Pancreatic Cancer Facts

Pancreatic cancer is a disease in which malignant cells grow in the pancreas, a gland located behind the stomach and in front of the spine. Learn More ›

Symptoms: Abdominal Pain

  • Belching

  • Diarrhea

  • Flatulence

  • Gas

  • Indigestion

  • Nausea

  • Poor appetite

  • Vomiting

  • Change in bowel habits

  • Change in level of consciousness

  • Chest pain or pressure

  • Easy bleeding or bruising

  • Enlarged liver/topic/fibromyalgia/diagnosing-fibromyalgia-q-and-a

  • Fatigue

  • Fever and chills

  • Flu-like symptoms

  • Missed menstrual periods

  • Pale skin

  • Rapid heart rate

  • Rapid breathing or shortness of breath

  • Bloody or black stools

  • Difficulty breathing

  • Dizziness

  • Fainting or change in level of consciousness or lethargy

  • High fever (higher than 101 degrees Fahrenheit)

  • Pulsating mass in abdomen

  • Rapid pulse or rapid breathing

  • Severe abdominal pain

  • Vomiting blood or black material (resembling coffee grounds)

  • Weakness

  • Yellow skin and eyes (jaundice)

Learn more about Abdominal Pain

Treatment: Choices for Pancreatic Cancer

Researchers are continually finding new ways to treat pancreatic cancer. People diagnosed with this cancer now have more hope for survival than ever before.

The choices that you have for treatment depend on these factors.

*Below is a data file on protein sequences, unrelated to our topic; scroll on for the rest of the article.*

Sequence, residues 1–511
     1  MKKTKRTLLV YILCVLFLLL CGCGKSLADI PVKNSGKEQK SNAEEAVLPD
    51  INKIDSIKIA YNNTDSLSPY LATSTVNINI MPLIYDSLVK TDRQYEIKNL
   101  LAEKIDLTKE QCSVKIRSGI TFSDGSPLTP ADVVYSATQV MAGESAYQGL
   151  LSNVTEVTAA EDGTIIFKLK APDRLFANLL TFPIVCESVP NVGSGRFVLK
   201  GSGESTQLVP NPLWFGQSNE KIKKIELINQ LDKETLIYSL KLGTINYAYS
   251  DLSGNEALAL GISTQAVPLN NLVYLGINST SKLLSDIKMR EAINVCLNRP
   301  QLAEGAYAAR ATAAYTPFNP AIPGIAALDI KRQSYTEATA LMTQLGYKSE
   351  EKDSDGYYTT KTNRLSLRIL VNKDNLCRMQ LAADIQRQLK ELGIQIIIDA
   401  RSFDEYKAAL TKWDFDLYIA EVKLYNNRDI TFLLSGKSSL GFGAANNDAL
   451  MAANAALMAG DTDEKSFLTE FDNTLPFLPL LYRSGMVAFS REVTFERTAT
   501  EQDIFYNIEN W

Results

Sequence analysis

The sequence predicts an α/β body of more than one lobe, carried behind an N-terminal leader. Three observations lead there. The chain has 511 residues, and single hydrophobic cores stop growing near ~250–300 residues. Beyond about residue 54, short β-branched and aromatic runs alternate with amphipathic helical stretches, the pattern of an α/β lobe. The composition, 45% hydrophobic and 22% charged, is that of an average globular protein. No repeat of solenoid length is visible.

• Type, size, and location of the tumor in your pancreas

  • Results of lab tests

  • Extent of the disease, called the stage

  • Status of your health and your age

  • Your personal concerns and preferences

Many people want to learn all they can about their cancer and treatment choices so that they can make confident decisions about their care. If you’re one of them, you’re likely to have many questions. For instance, most people with pancreatic cancer want to know if they’ll have to change their normal activities after treatment. Your doctor is the best person to answer your questions.

Learn more about treatment options

Living with: Am I At Risk for Pancreatic Cancer?

There is no way to know for sure if you’re going to get pancreatic cancer. And there is no known way to prevent it. Certain factors can make you more likely to get this type of cancer than another person. These are called risk factors. Some risk factors, such as age or family history, are out of your control. Other risk factors, such as smoking and diet, can be controlled. Here are the most common risk factors for pancreatic cancer.

I smoke or have smoked in the past.

Smoking is a risk factor for many types of cancer. It is also a risk factor for pancreatic cancer.

Learn more about the risks of Pancreatic Cancer

Your Guide to Pancreatic Cancer

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